As published in The Pinellas County Guardianship Association Newsletter, April 1998; The St. Petersburg Times, August 10, 1998; The Tampa Tribune, May 15, 1999.
By: Thomas P. Scarritt, Jr. and Thomas S. Harmon
In 1980, a Dade County Grand Jury investigated the quality of health care in Florida’s nursing homes. The results were shocking. Sixty percent of the nursing home facilities investigated were found to provide "unacceptable or consistently very poor care." In fact, the investigation described "health hazards and deficiencies in patient care that allegedly have been allowed to continue for years." The Grand Jury further concluded that the Department of Health and Rehabilitative Services ("HRS") licensure and inspection enforcement was inadequate in addressing the problem of sub-standard care. The Grand Jury found that sanctions against nursing homes were invoked infrequently, "timidly and ineffectively." An even more troubling conclusion was that once deficiencies were identified by HRS, they were rarely pursued and effective corrective action was scarce.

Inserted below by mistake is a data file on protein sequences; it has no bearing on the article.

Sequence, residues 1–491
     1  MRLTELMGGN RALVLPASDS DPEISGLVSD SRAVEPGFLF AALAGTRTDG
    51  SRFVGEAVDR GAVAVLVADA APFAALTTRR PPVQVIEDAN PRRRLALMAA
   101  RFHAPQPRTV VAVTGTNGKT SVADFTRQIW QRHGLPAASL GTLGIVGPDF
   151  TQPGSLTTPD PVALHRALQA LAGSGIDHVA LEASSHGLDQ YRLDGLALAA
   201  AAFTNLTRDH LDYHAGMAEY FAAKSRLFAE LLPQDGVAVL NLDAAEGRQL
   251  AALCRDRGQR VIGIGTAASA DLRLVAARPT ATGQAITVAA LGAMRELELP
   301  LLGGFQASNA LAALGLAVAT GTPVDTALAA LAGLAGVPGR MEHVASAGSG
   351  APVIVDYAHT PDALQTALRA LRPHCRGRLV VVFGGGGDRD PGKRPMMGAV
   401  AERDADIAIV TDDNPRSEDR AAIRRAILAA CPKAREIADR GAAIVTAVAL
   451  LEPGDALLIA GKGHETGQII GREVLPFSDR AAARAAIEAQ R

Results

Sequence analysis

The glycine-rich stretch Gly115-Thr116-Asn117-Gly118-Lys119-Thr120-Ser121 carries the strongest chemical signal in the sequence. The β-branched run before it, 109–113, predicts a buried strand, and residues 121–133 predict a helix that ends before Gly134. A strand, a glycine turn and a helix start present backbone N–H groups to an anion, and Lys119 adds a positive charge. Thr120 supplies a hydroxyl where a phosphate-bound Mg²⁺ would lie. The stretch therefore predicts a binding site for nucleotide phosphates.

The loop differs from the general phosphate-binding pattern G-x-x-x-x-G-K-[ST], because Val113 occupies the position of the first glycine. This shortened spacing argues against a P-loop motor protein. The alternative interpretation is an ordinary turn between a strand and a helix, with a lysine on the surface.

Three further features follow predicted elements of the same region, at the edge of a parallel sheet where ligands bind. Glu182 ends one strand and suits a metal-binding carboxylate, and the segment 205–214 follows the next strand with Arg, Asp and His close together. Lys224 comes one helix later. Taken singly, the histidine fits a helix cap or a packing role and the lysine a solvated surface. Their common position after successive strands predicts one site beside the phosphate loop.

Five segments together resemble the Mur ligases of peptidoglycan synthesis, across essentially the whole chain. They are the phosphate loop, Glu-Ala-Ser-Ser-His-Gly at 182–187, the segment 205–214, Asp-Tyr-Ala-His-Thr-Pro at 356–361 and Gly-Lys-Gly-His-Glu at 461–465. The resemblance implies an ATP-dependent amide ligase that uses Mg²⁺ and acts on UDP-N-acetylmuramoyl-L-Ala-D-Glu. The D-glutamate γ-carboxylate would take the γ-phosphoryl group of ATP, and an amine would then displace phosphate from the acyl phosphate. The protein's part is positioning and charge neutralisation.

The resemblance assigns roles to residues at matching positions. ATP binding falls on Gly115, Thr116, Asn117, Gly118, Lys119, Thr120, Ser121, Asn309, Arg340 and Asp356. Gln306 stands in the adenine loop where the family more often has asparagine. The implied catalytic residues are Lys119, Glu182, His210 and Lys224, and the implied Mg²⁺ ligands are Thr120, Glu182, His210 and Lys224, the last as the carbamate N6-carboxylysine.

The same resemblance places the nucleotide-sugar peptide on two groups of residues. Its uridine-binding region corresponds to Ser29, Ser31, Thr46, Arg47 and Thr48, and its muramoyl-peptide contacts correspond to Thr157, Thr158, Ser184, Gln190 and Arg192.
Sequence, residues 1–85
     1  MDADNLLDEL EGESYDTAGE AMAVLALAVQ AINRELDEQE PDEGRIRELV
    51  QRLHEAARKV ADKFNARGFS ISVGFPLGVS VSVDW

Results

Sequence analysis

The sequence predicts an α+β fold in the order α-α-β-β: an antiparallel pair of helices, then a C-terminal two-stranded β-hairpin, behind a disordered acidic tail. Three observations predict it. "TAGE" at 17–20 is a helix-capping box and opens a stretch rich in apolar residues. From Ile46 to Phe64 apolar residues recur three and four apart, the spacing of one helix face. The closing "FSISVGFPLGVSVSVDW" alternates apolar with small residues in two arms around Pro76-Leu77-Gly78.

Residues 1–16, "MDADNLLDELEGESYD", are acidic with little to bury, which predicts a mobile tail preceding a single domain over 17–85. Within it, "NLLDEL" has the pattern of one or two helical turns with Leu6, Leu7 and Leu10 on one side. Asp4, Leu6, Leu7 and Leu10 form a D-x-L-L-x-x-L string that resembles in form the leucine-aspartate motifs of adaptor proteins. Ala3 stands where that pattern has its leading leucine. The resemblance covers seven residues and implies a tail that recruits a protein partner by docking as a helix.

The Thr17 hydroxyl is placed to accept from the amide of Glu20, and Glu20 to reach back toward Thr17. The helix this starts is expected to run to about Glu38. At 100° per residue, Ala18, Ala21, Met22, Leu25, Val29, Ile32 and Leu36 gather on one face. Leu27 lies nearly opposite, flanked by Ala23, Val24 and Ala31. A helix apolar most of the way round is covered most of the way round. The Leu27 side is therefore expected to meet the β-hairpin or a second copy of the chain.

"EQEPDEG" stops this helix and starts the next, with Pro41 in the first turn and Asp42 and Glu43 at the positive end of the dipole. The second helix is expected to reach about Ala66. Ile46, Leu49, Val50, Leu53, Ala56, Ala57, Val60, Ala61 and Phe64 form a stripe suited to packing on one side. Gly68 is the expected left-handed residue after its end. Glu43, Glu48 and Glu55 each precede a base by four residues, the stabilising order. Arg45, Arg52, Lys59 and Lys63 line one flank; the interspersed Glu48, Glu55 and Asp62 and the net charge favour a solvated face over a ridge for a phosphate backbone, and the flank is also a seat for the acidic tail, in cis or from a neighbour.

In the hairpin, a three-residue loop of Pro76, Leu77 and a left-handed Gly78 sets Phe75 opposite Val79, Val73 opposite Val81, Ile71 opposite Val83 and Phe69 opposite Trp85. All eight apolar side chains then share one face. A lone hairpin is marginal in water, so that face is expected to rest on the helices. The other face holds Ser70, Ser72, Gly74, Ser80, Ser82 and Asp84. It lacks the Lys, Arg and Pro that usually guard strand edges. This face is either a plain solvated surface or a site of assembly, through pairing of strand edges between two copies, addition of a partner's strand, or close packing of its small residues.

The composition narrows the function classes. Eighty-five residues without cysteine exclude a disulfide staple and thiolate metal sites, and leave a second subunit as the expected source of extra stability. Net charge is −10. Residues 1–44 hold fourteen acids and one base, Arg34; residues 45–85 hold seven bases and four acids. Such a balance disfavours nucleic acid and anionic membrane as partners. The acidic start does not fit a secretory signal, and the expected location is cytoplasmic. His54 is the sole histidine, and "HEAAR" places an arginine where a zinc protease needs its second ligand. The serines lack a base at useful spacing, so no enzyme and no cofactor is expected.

Upon being presented with the Grand Jury’s findings, the Florida Legislature took action. The Legislature created a list of rights belonging to each nursing home resident and created a statutory cause of action to enforce those rights. Similarly, the Legislature created a list of rights belonging to each resident of an Assisted Living Facility (ALF). Sections 400.022 and 400.428 of the Florida Statutes set out the Residents Bill of Rights for nursing home and ALF residents respectively. The Residents Bill of Rights demands zero tolerance for abuse and neglect in either nursing homes or ALFs. By law, every nursing home and ALF must provide the resident or guardian with a copy of the mandated resident rights when the resident is admitted.
Paramount to the Bill of Rights is the right to "receive adequate and appropriate health care" and to "live in a safe and decent living environment, free from abuse and neglect." But what is "abuse and neglect" and, more important, how do guardians, family members and friends know when a loved one is the victim of abuse and neglect?
What to look For - The Telltale Signs of Abuse and Neglect